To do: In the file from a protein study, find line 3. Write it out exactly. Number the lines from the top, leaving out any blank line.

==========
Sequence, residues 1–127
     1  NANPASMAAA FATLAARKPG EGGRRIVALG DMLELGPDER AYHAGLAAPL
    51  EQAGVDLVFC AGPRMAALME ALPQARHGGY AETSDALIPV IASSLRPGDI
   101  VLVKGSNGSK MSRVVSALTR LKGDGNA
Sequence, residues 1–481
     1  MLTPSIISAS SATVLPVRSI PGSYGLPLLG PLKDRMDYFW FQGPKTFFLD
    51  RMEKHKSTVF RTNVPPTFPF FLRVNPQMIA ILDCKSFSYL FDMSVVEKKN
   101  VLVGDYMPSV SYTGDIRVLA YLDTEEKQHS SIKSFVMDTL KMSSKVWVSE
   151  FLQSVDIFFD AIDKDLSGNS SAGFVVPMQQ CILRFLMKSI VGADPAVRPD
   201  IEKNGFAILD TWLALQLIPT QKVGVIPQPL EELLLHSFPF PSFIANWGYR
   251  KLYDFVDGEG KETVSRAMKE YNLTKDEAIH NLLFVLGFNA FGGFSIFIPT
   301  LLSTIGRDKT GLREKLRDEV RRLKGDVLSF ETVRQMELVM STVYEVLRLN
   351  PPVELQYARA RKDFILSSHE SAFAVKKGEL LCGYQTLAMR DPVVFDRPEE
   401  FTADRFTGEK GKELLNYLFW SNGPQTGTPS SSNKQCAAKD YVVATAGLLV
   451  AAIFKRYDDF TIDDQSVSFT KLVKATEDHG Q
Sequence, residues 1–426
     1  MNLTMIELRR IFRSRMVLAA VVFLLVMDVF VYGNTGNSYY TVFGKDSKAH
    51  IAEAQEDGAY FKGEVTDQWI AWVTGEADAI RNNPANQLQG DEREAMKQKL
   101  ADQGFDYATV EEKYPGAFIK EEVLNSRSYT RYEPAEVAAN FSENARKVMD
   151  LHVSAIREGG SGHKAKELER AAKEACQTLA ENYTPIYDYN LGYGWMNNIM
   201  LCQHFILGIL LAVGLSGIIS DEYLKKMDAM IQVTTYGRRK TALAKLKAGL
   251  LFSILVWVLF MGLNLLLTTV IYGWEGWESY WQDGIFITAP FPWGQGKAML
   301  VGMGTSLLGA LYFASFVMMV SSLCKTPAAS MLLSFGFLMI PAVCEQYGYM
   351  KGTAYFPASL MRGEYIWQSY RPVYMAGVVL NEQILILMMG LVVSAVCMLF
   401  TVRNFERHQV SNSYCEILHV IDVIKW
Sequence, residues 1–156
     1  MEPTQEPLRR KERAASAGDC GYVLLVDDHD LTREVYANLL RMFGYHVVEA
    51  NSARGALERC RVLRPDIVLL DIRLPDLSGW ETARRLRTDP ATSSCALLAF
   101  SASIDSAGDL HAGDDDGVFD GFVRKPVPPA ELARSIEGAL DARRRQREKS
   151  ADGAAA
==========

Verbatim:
    51  EQAGVDLVFC AGPRMAALME ALPQARHGGY AETSDALIPV IASSLRPGDI